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Algorithms and tools for system identification using prior knowledge

Thesis/Dissertation:

Abstract

One of the hardest problems in system identification is that of model structure selection. In this thesis two different kinds of a priori process knowledge are used to address this fundamental problem. Concentrating on linear model structures, the first prior advantage of is knowledge about the systems` dominating time constants and resonance frequencies. The idea is to generalize FIR modelling by replacing the usual delay operator with discrete so-called Laguerre or Kautz filters. The generalization is such that stability, the linear regression structure and the approximation ability of the FIR model structure is retained, whereas the prior is used to reduce the number of parameters needed to arrive at a reasonable model. Tailorized and efficient system identification algorithms for these model structures are detailed in this work. The usefulness of the proposed methods is demonstrated through concrete simulation and application studies. The other approach is referred to as semi-physical modelling. The main idea is to use simple physical insight into the application, often in terms of a set of unstructured equations, in order to come up with suitable nonlinear transformation of the raw measurements, so as to allow for a good model structure. Semi-physical modelling is less ``ambitious`` than physical  More>>
Authors:
Publication Date:
Sep 01, 1994
Product Type:
Thesis/Dissertation
Report Number:
LIU-TEK-LIC-1994-42
Reference Number:
SCA: 990200; PA: AIX-26:006790; EDB-95:011666; SN: 95001299400
Resource Relation:
Other Information: TH: Thesis (TeknL).; PBD: Sep 1994
Subject:
99 GENERAL AND MISCELLANEOUS//MATHEMATICS, COMPUTING, AND INFORMATION SCIENCE; KNOWLEDGE BASE; SYSTEMS ANALYSIS; ALGORITHMS; BWR TYPE REACTORS; COMPUTERIZED SIMULATION; FUNCTIONS; NEUTRON FLUX; REGRESSION ANALYSIS; 990200; MATHEMATICS AND COMPUTERS
OSTI ID:
10102782
Research Organizations:
Linkoeping Univ. (Sweden). Dept. of Electrical Engineering
Country of Origin:
Sweden
Language:
English
Other Identifying Numbers:
Journal ID: ISSN 0280-7971; Other: ON: DE95610168; ISBN 91-7871-422-2; TRN: SE9400186006790
Availability:
OSTI; NTIS; INIS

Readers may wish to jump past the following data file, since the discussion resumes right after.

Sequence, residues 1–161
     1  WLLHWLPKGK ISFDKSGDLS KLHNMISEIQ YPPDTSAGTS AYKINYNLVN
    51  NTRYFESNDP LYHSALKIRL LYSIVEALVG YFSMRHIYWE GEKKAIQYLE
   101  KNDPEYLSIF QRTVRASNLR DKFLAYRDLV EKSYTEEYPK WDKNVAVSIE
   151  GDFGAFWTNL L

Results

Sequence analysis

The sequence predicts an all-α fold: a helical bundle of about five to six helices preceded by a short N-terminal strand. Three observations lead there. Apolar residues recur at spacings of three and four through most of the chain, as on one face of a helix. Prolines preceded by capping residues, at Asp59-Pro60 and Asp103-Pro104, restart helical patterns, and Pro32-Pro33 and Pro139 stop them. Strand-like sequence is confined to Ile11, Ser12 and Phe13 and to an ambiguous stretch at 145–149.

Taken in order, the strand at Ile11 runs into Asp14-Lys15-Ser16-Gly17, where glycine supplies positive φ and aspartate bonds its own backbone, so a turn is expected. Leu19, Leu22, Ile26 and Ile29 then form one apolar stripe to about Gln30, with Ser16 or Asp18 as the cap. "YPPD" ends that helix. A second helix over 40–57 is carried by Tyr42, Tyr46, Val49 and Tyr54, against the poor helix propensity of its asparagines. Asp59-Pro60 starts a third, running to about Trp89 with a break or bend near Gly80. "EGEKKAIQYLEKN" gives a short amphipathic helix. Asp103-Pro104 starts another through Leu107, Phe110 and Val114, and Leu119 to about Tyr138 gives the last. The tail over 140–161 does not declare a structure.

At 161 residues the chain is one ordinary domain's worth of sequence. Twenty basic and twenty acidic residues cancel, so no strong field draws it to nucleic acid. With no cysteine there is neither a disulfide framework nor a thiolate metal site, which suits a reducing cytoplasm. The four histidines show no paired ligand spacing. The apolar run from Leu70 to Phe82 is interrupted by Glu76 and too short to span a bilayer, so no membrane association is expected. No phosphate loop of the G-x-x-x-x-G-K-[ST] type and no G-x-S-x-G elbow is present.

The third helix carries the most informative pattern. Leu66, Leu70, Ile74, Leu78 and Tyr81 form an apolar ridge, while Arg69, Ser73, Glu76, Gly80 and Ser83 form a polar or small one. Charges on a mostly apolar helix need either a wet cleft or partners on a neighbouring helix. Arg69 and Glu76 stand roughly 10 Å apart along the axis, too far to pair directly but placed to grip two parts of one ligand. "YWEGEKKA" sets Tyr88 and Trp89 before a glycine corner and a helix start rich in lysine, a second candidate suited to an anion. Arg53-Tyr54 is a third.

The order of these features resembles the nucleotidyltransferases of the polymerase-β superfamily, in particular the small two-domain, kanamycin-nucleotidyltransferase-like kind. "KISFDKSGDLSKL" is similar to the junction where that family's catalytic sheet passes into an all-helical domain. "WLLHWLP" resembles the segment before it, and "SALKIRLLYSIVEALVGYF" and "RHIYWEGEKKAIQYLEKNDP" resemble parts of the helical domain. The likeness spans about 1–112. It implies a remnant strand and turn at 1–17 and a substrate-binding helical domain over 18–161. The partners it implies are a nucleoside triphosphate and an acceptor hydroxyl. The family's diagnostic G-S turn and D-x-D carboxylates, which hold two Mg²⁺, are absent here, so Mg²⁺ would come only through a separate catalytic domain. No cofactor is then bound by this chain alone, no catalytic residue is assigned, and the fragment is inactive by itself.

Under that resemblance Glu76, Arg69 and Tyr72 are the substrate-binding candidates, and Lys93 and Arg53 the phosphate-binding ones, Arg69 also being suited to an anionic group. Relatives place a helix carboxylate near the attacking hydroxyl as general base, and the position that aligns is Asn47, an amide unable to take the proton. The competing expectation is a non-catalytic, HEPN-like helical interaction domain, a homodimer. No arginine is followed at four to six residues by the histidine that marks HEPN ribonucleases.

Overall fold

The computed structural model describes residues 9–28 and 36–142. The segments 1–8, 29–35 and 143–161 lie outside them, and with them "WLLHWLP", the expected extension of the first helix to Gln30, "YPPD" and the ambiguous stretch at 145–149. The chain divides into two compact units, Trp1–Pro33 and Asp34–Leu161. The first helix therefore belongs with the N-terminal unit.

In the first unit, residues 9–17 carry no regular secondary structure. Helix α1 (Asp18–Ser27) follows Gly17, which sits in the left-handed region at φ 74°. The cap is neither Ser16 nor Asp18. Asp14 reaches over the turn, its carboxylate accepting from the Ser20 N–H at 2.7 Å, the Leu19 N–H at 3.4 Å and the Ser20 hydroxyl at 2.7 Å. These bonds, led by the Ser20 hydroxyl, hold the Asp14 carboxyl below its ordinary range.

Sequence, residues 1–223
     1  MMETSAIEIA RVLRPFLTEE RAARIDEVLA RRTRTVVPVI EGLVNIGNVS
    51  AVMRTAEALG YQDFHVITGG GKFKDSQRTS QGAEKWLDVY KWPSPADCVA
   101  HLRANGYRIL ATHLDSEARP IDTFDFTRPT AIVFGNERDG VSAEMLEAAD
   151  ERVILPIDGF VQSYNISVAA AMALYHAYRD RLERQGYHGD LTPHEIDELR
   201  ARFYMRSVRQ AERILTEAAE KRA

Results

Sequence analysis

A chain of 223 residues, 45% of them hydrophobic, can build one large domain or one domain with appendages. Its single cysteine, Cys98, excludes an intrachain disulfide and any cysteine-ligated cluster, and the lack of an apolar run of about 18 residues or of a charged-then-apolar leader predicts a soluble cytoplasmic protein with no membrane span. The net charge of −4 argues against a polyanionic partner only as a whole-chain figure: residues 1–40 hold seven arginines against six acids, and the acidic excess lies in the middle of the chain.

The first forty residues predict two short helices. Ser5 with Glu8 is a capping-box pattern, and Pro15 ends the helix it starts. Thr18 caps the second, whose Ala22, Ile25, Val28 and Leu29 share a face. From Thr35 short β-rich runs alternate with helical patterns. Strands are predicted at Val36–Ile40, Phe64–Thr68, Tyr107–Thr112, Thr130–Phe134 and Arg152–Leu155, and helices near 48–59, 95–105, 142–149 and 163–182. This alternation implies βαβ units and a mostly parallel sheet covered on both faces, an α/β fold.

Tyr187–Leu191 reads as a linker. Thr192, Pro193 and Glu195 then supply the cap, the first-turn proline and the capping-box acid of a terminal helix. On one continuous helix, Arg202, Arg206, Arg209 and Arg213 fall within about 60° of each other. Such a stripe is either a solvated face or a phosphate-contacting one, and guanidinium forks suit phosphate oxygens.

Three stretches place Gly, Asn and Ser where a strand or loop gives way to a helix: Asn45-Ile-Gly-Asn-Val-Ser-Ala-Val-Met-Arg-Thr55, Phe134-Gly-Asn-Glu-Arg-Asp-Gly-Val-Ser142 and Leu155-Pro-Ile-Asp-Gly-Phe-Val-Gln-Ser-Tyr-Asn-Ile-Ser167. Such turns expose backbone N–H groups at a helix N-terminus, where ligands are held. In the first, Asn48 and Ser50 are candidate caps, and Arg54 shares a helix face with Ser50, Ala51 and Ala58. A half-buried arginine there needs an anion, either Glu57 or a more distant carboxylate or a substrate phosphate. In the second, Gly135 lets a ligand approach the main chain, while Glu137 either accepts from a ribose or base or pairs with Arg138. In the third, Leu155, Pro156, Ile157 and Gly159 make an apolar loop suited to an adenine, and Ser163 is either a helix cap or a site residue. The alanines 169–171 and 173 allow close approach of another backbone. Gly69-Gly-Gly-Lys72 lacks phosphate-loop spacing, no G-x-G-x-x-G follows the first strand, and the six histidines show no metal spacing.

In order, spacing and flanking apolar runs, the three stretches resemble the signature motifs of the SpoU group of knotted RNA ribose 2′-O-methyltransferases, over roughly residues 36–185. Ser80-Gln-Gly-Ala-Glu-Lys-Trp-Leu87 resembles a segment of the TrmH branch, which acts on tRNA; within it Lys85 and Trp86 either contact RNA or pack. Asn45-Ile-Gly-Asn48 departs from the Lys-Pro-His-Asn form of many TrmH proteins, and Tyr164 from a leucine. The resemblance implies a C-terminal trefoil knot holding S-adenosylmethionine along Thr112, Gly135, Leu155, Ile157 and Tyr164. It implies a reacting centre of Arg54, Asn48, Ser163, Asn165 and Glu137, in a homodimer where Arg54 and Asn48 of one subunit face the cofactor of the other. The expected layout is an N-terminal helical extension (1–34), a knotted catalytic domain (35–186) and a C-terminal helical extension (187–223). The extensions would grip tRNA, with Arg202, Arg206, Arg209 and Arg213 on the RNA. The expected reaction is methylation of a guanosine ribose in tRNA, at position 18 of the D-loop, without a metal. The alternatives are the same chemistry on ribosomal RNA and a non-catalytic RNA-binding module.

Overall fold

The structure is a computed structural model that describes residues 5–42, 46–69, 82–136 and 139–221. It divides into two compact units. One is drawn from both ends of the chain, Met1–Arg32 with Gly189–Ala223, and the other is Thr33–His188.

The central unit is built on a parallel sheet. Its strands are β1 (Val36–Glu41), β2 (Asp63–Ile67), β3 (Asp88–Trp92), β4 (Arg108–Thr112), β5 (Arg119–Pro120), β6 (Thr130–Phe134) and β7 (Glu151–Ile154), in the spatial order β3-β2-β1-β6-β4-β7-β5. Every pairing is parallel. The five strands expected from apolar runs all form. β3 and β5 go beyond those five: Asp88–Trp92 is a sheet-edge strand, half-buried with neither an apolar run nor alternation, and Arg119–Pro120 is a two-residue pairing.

Submitting Site:
SWDN
Size:
143 p.
Announcement Date:
Jun 30, 2005

Thesis/Dissertation:

Citation Formats

Lindskog, P. Algorithms and tools for system identification using prior knowledge. Sweden: N. p., 1994. Web.
Lindskog, P. Algorithms and tools for system identification using prior knowledge. Sweden.
Lindskog, P. 1994. "Algorithms and tools for system identification using prior knowledge." Sweden.
@misc{etde_10102782,
title = {Algorithms and tools for system identification using prior knowledge}
author = {Lindskog, P}
abstractNote = {One of the hardest problems in system identification is that of model structure selection. In this thesis two different kinds of a priori process knowledge are used to address this fundamental problem. Concentrating on linear model structures, the first prior advantage of is knowledge about the systems` dominating time constants and resonance frequencies. The idea is to generalize FIR modelling by replacing the usual delay operator with discrete so-called Laguerre or Kautz filters. The generalization is such that stability, the linear regression structure and the approximation ability of the FIR model structure is retained, whereas the prior is used to reduce the number of parameters needed to arrive at a reasonable model. Tailorized and efficient system identification algorithms for these model structures are detailed in this work. The usefulness of the proposed methods is demonstrated through concrete simulation and application studies. The other approach is referred to as semi-physical modelling. The main idea is to use simple physical insight into the application, often in terms of a set of unstructured equations, in order to come up with suitable nonlinear transformation of the raw measurements, so as to allow for a good model structure. Semi-physical modelling is less ``ambitious`` than physical modelling in that no complete physical structure is sought, just combinations of inputs and outputs that can be subjected to more or less standard model structures, such as linear regressions. The suggested modelling procedure shows a first step where symbolic computations are employed to determine a suitable model structure - a set of regressors. We show how constructive methods from commutative and differential algebra can be applied for this. Subsequently, different numerical schemes for finding a subset of ``good`` regressors and for estimating the corresponding linear-in-the-parameters model are discussed. 107 refs, figs, tabs.}
place = {Sweden}
year = {1994}
month = {Sep}
}